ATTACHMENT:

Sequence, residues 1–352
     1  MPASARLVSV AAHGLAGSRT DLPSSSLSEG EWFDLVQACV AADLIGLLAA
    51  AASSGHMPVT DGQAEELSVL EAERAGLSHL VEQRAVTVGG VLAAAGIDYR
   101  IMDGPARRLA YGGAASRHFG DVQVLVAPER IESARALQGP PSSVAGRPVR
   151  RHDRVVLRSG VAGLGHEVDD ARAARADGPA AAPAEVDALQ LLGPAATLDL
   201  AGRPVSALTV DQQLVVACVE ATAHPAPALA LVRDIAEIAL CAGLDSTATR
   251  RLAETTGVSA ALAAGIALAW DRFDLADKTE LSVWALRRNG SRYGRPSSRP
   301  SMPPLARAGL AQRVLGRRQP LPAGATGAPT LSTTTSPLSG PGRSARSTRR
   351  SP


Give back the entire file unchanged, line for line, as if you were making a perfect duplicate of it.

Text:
Sequence, residues 1–352
     1  MPASARLVSV AAHGLAGSRT DLPSSSLSEG EWFDLVQACV AADLIGLLAA
    51  AASSGHMPVT DGQAEELSVL EAERAGLSHL VEQRAVTVGG VLAAAGIDYR
   101  IMDGPARRLA YGGAASRHFG DVQVLVAPER IESARALQGP PSSVAGRPVR
   151  RHDRVVLRSG VAGLGHEVDD ARAARADGPA AAPAEVDALQ LLGPAATLDL
   201  AGRPVSALTV DQQLVVACVE ATAHPAPALA LVRDIAEIAL CAGLDSTATR
   251  RLAETTGVSA ALAAGIALAW DRFDLADKTE LSVWALRRNG SRYGRPSSRP
   301  SMPPLARAGL AQRVLGRRQP LPAGATGAPT LSTTTSPLSG PGRSARSTRR
   351  SP